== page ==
As in sports, a good coach can help clarify the vision of what you want and need as an employer. A coach looks at the various angles of the issue and connects the dots to your business. They understand what you do, how you do it, and the candidates you need to help your business succeed.
Benefits from a Coach
The most obvious benefit of receiving coaching from a recruiter is that you are more likely to ask the right questions. Asking the right questions, to help you hire the right person for the position and to do it quickly. Recruiters often have information about the specific traits of a candidate and know the direct questions to ask. Recruiters can increase your chances of quickly filling your next position. They can also help you fine-tune the skills that are important for future interviews.
Some of the things a recruiter can help you with regarding the interview process include:
- Determine if the position you’re hiring for is a priority – This may seem obvious, but when you’re on the ground, in the mud and the weeds, you don’t have the luxury of coming up for air and spending a lot of time analyzing your workforce. You simply know you have to fill a position. But what if you can move some people around? What if that position can be combined with another? Or eliminated all together? These are the questions a recruiter serving as coach is qualified to answer.
- Determine the decision maker – Some organizations have layers of bureaucracy they have to go through in order to make the hiring decision. Your coach can help you determine if the true decision maker needs to complete the interview process or someone else.
- Advise and assist with technology – The Covid pandemic brought video communications to the forefront for many. A good coach can help you determine if a video or phone interview is appropriate for the position you’re trying to hire. They can also assist you in the scheduling of these interviews.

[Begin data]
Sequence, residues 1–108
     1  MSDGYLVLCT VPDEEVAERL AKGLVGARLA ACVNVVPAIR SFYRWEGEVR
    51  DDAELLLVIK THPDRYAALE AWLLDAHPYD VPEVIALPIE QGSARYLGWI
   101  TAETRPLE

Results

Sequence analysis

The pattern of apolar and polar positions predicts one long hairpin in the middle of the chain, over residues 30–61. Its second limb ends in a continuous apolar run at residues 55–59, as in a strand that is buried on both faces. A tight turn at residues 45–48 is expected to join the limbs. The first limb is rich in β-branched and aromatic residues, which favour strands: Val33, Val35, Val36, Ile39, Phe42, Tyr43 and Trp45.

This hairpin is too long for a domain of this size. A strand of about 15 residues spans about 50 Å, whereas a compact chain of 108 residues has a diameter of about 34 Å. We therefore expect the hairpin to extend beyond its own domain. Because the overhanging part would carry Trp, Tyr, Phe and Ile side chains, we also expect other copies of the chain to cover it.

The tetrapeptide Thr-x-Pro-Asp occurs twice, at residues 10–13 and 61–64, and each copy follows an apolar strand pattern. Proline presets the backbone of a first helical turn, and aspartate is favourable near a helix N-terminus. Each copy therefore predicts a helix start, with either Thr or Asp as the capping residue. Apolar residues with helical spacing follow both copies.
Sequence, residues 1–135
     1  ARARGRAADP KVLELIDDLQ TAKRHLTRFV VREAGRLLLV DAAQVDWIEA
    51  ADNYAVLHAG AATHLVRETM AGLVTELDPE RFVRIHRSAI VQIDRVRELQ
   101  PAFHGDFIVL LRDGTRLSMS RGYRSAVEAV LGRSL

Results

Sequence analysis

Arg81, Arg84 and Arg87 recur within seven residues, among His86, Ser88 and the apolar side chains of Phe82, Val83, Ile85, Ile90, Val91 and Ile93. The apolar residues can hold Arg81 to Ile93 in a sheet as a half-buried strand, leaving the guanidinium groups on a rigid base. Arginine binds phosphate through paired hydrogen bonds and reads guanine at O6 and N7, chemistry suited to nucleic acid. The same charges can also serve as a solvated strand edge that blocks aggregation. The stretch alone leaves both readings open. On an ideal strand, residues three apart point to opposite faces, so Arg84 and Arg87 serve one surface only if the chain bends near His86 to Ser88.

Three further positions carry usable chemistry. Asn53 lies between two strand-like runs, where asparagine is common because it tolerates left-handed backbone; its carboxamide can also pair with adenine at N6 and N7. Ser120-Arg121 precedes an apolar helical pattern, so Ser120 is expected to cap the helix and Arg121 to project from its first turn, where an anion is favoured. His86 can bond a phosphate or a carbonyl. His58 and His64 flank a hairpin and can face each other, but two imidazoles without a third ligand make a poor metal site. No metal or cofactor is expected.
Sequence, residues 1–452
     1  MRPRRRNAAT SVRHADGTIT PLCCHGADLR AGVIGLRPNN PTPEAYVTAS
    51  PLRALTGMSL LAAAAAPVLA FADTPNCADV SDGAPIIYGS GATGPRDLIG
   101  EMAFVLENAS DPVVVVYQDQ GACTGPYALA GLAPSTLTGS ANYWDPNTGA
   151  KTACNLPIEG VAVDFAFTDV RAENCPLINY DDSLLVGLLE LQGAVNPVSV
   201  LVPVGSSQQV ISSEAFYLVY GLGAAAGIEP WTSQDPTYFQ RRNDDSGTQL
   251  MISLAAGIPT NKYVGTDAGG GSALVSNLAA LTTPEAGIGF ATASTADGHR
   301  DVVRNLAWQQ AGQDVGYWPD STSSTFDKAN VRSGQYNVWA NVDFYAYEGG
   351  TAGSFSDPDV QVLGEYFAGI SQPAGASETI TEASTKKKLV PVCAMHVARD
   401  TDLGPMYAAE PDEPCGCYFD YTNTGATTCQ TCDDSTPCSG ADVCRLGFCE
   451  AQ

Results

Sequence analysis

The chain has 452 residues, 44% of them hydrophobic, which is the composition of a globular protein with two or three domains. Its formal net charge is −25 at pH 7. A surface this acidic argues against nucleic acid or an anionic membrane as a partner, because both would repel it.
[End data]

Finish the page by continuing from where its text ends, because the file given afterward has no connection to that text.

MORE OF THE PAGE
- Act as a liaison between you and the candidate – This saves a lot of valuable time and prepares the candidate for what they can expect during the interview.
- Provide appropriate questions to ask – One of the greatest time-eaters in the interview process is asking unnecessary questions and often inappropriate ones. Take advantage of your coach and let him or her advise you how to properly conduct the interview.
- Expertise in finding the best fit – Since the recruiter knows the ins and outs of finding a qualified candidate, most of the work is done prior to the interview process. Your coach has the knowledge to advise you on how to conduct the interview based on their familiarization with the candidate.
When an employer gets bogged down in the interview process, it hurts everyone. The candidate, who is looking for a job and wants it now, goes elsewhere. The hiring manager loses productive time that could have been utilized elsewhere. And the employer still has an open position to fill. To eliminate all of the time wasted in an unproductive interview, consider using the expertise of a recruiter. Allowing a recruiter to coach you through the interview process will help you to alleviate unnecessary steps and hire candidates faster.